Why do we have a way out: S1S2 in this case?
There is an implicit call to the default constructor of the superclass in the constructor of the subclass.
Here's a quote from Spec:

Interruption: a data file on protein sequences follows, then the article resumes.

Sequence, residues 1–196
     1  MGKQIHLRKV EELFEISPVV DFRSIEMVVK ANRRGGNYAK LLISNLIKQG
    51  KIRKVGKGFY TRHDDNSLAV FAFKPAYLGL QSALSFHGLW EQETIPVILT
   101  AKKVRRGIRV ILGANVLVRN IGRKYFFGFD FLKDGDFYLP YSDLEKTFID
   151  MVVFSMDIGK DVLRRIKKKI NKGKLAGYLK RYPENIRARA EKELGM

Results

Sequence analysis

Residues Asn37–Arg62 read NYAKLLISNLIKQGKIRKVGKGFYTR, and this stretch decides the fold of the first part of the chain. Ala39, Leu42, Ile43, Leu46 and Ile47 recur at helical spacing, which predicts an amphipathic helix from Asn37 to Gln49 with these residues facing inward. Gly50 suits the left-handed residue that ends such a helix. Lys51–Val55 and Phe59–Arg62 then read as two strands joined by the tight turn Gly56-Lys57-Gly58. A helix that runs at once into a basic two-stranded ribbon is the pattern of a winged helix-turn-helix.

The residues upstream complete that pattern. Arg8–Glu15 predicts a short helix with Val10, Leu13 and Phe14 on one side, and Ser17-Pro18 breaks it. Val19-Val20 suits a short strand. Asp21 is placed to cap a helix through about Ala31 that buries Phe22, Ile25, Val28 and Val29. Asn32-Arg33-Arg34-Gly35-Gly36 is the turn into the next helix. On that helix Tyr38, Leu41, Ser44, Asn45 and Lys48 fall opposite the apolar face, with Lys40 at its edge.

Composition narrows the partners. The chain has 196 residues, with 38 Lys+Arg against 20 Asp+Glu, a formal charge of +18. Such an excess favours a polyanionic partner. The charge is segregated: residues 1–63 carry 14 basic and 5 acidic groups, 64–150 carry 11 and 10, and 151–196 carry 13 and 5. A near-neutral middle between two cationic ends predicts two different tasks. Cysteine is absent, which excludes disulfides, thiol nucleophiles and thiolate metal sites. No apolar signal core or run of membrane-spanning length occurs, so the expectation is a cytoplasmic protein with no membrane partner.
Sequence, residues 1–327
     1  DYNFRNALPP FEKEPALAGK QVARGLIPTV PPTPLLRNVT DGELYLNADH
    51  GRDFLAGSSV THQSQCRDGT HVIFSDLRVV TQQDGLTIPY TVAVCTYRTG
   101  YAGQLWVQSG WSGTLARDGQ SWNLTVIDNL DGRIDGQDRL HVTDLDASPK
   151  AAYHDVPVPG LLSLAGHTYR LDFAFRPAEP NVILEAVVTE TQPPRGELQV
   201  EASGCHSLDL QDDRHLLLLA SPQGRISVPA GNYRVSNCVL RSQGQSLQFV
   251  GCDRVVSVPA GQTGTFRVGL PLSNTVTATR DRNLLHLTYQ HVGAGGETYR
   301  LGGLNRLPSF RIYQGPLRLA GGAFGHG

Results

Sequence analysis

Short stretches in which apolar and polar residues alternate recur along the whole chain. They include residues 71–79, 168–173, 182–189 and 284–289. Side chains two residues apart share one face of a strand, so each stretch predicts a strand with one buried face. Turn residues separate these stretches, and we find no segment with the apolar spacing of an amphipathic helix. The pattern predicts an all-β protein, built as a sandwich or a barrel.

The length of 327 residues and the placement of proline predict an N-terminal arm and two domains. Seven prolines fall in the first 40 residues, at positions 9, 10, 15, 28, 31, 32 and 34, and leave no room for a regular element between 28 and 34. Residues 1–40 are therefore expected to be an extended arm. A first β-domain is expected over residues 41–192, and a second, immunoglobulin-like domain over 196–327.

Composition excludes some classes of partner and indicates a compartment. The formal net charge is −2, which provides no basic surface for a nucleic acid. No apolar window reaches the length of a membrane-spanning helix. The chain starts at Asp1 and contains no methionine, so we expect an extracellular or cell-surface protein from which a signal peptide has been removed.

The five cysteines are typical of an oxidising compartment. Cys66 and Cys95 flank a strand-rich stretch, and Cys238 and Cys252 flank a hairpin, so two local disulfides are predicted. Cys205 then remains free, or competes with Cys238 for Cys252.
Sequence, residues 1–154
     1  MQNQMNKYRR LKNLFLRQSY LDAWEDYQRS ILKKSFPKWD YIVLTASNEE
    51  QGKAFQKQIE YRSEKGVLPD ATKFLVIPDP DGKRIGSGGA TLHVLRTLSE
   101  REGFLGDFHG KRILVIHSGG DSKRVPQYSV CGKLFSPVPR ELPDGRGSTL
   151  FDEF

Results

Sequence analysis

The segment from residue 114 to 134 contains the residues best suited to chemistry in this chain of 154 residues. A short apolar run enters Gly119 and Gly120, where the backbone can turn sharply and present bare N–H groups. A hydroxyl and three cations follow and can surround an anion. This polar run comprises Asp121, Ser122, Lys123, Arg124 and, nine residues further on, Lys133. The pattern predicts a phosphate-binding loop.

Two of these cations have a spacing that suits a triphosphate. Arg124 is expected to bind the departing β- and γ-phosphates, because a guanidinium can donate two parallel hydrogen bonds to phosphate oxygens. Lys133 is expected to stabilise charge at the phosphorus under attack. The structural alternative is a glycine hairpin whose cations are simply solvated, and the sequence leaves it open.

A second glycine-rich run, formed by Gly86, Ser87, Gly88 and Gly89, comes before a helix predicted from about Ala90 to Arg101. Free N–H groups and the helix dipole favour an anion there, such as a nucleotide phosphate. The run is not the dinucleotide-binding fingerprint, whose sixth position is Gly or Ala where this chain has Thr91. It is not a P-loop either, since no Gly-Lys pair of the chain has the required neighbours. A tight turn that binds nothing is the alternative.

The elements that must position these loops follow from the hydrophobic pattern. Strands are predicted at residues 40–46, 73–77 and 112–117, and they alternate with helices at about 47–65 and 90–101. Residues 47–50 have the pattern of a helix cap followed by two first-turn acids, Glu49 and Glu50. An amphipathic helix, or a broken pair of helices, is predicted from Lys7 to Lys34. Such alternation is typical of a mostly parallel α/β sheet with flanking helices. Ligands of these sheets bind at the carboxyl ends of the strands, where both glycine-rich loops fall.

If the constructor body does not begin with an explicit constructor invocation and the declared constructor is not part of the original class object, then the constructor body is implicitly assumed by the compiler to begin with the superclass constructor invocation "super ();", the constructor invocation of its direct superclass, which takes no arguments.
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